Satisfaction: A Thanksgiving Sermon

John 6:25-35

What is your source of satisfaction? When you think of being satisfied, what craving or hunger in particular is it that is being met? We can say that someone is a satisfied customer. We can say that someone’s level or degree of work is satisfactory. When someone has met all of the requirements for something, those requirements are said to be satisfied. But what I think of most often when I think of the work satisfied is the feeling I have at the end of a filling meal.

For many people in the world a full stomach is either quite rare or entirely a pipe dream. The very idea of being able to eat until you are satiated or full is ludicrous. There simply isn’t that much food to go around. If someone is lucky or particularly blessed, there might not be any hunger pangs left after the food is gone. At least for a while.

The majority of the world’s diet comes from three grains: rice, maize (corn), and wheat.[1] These are literally the bread (and butter) that gives 60% of the calories that sustain all of the work and energy that nearly 7 billion people on this earth require each and every day. You could say, then, that bread is literally life. Because more than half of life’s energy comes from the very grains used to make bread. So it is particularly fitting that Jesus chooses bread as a metaphor to describe himself in John 6.

The sixth chapter of John’s Gospel is one of those amazing and astounding chapters. First, Jesus takes a boy’s lunchbag, empties the contents, asks God to bless them, and proceeds to fill a crowd of 5,000 men – plus their women and children. Not just a snack, mind you, but everyone present ate their fill at the fish ‘n’ bread buffet, and then the disciples, in a new role as busboys, still collected a dozen baskets full of leftover pieces after the crowd had had all they could eat.

In this one miracle Jesus satiated the hunger of a whole crowd of people. Some of them may never have experienced a full stomach before that day. And Jesus had given it to them.

After eating their fill of the bread that Jesus had provided, the crowds became so enamored with him that they determined to make Jesus their king by the force of their own might. Jesus, however, “withdrew again to the mountain by himself,” as verse 15 says. The disciples left at evening and got on boats in order to cross the sea over to Capernaum. Jesus was not with them, as he was still at the mountain by himself. Three or four miles away from shore, with a strong wind and rough waves, in the middle of the night, the disciples saw Jesus walking on the sea near the boat. Jesus got on board, and then they arrived at the side of the sea where they were headed.

So here, in this one chapter, Jesus takes one boy’s small lunch and feeds a crowd that could easily have numbered 12,000 or more. Then, after disappearing for the afternoon, he walked on water to the boat that was already well across the sea from where they had left him the previous night.

Now the crowd that had been satisfied with the miraculous food was well aware that Jesus had not gotten on the boat with the other disciples before they had left. They were also aware that there were no other boats on which Jesus could have climbed aboard. When they realized that Jesus was no longer on the shore with them, they climbed aboard other boats that had made their way to that spot and went over to Capernaum to see if they could find Jesus, now known as the miraculous bread giver.

That brings us to the section that we are examining today. And the theme for this section comes at the very end of verse 24 where, at least in the English Standard Version I am reading from, the last two words describe the intent of the crowd. They are “seeking Jesus.” The crowd ate, spent the night, and then gathered on boats to cross the sea and find Jesus in Capernaum. They were pretty intent on this task to go through all of that trouble.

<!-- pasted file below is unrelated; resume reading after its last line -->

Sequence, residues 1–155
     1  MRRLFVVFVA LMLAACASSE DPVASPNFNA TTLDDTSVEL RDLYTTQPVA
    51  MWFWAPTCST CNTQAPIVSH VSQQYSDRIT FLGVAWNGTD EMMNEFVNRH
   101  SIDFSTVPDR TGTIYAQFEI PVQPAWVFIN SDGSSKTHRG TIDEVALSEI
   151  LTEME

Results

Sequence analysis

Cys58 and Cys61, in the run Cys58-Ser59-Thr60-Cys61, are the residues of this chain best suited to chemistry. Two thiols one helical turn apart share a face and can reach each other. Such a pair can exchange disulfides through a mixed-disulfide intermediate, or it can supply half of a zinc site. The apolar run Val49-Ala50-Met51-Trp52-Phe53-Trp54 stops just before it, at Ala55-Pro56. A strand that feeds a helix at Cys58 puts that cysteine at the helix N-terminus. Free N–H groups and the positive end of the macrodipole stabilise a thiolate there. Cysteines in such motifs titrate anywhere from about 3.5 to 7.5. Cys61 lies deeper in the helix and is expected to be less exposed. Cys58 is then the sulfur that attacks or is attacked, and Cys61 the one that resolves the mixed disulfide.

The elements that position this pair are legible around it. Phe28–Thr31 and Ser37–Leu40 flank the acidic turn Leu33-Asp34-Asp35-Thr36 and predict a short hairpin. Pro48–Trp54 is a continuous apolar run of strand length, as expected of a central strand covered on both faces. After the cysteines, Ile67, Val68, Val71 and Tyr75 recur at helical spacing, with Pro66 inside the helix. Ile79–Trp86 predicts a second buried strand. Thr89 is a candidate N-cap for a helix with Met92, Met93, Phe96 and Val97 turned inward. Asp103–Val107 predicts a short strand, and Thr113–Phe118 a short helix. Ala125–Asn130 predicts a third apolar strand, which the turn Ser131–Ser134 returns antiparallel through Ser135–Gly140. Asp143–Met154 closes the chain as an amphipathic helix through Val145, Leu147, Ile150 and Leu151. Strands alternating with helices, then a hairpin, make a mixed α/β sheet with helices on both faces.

So our first thought when hearing that the crowd was seeking Jesus is that probably that this is a good thing. A whole crowd is seeking Jesus. A crowd that wants to make him their king. A crowd that wants him to keep on doing what he has been doing. After all, wouldn’t we love to see such a crowd assemble in downtown Altavista? How great would it be to find a large gathering of people that want to find Jesus and are willing to go to great lengths in order to do so?

Seeking Jesus is a good thing. God promised in Jeremiah that those who seek him with all of their hearts will certainly find him.[2] Jesus said the words, “Ask, and it will be given to you; seek, and you will find, knock, and it will be opened to you.”[3] And before that, Jesus commanded us to “Seek first the Kingdom of God and his righteousness.”[4] Seeking is something that we are supposed to do. Seeking, especially seeking God and Jesus, are good things.

But there was something drastically wrong about the crowd and the seeking that the crowd was doing. It turns out that there is a right seeking and a wrong seeking. It is possible to seek the right thing in the wrong way, and therefore to be seeking wrongly. It is just as bad to do this kind of seeking as it is to seek the wrong thing the right way or the wrong thing the wrong way: they are all wrong ways of seeking.

So what was wrong with the way that the crowd was seeking Jesus? He addressed that directly in verse 26. “Jesus answered them, ‘Truly, truly, I say to you, you are seeking me, not because you saw signs, but because you ate your fill of the loaves.’[5] What’s Jesus saying here? Think back to the crowd. Think about the events that John had recorded here in John 6. Jesus had done several signs before that: water into wine at the wedding at Cana, he healed the son of an official – without going to the official’s house, he healed a paralytic at the Pool of Bathesda who had been an invalid for 38 years. All of these things Jesus had already done, and they were certainly being talked about in the region. Then there were the events we talked about earlier: feeding five thousand men, plus their women and children, on the plate of a boy that contained five loaves of barley bread and two fish. Then, he disappeared onto the water and arrived at Capernaum by boat when the crowd knew for certain that he hadn’t gotten on the only boat that he would have been able to travel on prior to its departure with his disciples.

These were the signs. John even particularly enumerates the signs that he does both at Cana and in the healing of the official’s son. They were keeping track. They were keeping track because these signs had weight; they had import; they had gravitas. The signs pointed to something. The crowds knew that no ordinary man could accomplish the things that Jesus was accomplishing. No random power could bring about the feats and wonders that the crowds were seeing, living, and experiencing.

These signs were just that: signs that were pointing the people to a particular direction, a particular conclusion. Based on these things that Jesus was doing, the crowds should easily be able to ascertain who Jesus is. And they should be able to do it even entirely apart from the words of John the Baptist proclaiming and exalting Christ. The signs should do this.